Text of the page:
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Buying Easter chicks not a good idea |

Buying Easter chicks not a good idea

| Saturday, March 22, 2008 12:00 a.m

Donald Blosser says chicks are high maintenance and that the older they get, the harder it is to deal with them.

That’s why Blosser, 56, owner of Pretty Birds pet store in Millvale, won’t sell them.

Chicks, ducklings and bunnies have been given as Easter gifts for decades. But it’s getting harder to find chicks at Easter, leaving the holiday with hardly a peep.

“What happens is that they become big chickens and big ducks,” Blosser said, explaining that poses problems as the animals’ needs change. Chickens need room to roam; ducks need a pond.

“You can put them in your bathtub,” Blosser said, “but, boy, what a splash that would make.”

Although chicks aren’t readily found on every city street corner, and most pet stores don’t sell them, they can be found on farms outside Allegheny County.

Leah Popson of the Popson Farm in Nottingham in Washington County specializes in raising poultry.

Popson gets requests for Easter chicks but doesn’t sell them to just anyone, she said.

“Chicks require special care, especially when they are young,” said Popson, 32. “I generally do not have chicks running around for sale. I take orders, then people have to wait approximately one month for the chicks to hatch.

“This requires some forethought and preparation and reduces impulse purchases.”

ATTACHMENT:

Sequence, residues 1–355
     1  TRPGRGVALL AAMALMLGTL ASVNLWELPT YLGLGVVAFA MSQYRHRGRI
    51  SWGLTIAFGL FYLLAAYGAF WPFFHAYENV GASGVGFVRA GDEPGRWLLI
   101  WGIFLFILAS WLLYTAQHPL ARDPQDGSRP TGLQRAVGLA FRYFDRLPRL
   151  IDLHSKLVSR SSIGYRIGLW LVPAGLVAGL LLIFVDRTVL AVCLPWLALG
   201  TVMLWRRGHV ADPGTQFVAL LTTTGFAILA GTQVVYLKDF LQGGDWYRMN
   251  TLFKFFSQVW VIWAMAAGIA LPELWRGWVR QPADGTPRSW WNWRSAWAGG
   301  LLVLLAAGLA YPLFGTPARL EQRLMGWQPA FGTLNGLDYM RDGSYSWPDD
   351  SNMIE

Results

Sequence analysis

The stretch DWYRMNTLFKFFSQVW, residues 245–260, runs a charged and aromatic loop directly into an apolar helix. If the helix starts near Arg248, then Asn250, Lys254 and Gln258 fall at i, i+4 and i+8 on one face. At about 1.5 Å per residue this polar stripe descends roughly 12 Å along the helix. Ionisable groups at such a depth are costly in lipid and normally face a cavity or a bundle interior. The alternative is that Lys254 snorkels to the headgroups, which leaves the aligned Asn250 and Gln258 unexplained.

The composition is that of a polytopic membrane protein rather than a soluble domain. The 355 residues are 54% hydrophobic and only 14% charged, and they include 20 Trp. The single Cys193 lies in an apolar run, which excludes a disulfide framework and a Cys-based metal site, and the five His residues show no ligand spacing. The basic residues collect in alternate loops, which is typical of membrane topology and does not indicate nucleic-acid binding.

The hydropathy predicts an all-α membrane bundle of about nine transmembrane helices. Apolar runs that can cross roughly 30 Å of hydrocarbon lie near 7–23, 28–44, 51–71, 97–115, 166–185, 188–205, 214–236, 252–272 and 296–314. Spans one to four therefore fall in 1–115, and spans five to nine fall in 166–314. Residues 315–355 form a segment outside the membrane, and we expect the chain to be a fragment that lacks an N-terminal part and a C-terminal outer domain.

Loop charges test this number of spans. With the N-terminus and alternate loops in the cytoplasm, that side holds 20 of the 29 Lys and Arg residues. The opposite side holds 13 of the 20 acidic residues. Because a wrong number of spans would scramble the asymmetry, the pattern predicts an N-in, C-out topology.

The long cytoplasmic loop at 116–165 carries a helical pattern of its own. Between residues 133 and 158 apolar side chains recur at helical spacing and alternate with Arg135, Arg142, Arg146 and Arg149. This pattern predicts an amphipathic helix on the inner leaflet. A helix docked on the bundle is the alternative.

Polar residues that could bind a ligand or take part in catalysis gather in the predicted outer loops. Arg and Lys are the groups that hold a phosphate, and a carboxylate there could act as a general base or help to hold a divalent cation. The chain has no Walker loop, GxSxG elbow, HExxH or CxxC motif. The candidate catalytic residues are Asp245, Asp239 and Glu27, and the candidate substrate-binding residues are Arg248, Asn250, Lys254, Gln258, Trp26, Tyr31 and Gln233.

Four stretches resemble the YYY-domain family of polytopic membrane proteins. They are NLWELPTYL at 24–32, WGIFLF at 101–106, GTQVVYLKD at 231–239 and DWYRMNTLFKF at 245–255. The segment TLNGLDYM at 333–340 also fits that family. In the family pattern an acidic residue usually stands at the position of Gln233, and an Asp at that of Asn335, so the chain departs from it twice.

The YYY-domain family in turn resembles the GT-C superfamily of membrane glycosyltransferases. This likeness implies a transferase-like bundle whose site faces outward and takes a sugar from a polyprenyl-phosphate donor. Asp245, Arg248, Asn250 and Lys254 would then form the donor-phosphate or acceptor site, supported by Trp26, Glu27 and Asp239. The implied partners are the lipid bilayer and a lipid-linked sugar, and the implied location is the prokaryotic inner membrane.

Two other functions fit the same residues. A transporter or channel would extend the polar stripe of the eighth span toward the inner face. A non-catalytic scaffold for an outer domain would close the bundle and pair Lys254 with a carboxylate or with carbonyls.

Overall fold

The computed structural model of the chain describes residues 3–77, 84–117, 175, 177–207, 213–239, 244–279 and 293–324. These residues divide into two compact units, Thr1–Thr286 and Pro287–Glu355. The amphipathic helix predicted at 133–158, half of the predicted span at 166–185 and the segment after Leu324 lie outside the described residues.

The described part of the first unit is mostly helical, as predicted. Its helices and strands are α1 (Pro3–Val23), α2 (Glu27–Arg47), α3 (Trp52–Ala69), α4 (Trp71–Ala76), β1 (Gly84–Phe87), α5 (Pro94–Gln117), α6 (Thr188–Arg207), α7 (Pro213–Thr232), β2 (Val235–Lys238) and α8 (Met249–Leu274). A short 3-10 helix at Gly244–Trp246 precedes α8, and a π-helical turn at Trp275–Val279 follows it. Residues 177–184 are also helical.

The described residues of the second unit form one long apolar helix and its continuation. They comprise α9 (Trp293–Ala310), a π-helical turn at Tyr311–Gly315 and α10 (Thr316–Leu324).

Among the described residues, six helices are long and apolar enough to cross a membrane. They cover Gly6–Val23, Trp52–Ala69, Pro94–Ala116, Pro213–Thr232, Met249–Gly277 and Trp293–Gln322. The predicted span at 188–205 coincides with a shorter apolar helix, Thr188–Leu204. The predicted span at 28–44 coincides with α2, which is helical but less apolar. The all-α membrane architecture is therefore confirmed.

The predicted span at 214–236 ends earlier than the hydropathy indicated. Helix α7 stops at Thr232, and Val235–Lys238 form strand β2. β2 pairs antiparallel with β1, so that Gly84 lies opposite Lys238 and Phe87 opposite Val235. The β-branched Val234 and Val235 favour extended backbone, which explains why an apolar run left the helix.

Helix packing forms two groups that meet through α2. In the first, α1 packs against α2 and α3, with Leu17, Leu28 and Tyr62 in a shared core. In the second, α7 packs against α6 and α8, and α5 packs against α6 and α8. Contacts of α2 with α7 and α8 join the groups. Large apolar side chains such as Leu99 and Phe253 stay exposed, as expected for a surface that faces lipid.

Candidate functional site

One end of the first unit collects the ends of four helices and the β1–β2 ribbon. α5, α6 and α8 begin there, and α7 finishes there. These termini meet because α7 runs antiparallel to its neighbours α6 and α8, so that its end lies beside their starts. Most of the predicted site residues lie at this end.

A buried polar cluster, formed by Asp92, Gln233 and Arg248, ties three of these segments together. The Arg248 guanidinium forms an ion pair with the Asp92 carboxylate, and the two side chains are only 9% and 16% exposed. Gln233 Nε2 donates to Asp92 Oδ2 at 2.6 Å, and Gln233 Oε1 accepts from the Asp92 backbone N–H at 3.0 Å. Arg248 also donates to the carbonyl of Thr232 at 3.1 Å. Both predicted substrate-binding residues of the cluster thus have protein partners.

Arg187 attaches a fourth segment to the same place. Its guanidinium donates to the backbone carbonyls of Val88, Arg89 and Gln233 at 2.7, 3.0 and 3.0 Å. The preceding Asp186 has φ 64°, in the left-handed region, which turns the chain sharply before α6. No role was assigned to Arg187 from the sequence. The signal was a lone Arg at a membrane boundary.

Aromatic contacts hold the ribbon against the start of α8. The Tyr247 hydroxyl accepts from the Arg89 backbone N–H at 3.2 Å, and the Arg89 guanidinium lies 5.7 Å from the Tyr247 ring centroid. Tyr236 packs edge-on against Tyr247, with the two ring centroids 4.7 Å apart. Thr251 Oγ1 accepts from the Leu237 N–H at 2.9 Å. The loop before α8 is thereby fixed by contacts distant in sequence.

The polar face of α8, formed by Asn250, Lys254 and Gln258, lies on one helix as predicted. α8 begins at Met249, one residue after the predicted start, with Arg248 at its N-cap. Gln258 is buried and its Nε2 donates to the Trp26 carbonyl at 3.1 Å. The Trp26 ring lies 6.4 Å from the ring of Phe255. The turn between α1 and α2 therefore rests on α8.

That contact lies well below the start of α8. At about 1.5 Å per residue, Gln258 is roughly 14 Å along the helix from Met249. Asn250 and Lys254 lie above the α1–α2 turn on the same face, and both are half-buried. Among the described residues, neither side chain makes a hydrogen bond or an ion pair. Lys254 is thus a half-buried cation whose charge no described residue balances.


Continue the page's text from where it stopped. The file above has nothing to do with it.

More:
Families should think twice before getting any pet, said Janice Barnard, special projects manager at the Animal Rescue League of Western Pennsylvania in Larimer.

It’s also important to check local laws — it’s illegal to own a chicken as a pet in some municipalities. But it’s legal in Pittsburgh, according to the city’s Animal Control division.

Virginia Smiley, owner of Smiley’s Pet Pad in East Liberty, said cleaning up after a chick is the most difficult aspect of owning one.

“They just go (to the bathroom) wherever they are. It can be ugly and messy,” she said. “People buy them for the novelty but then realize they don’t want them as a pet.”

Bunnies apparently aren’t much easier. Animal Friends in the North Hills gets plenty of unwanted cotton tails each year, spokeswoman Jolene Miklas said.

“People don’t realize rabbits are our third-highest adopted animal,” she said.

Animal Friends doesn’t have chicks, but they have received “several requests from families that want to adopt chicks for Easter,” Miklas said, adding, “Adopting any pet should be a lifelong commitment.”

Not some short-lived flirtation with a chick.

Categories: News
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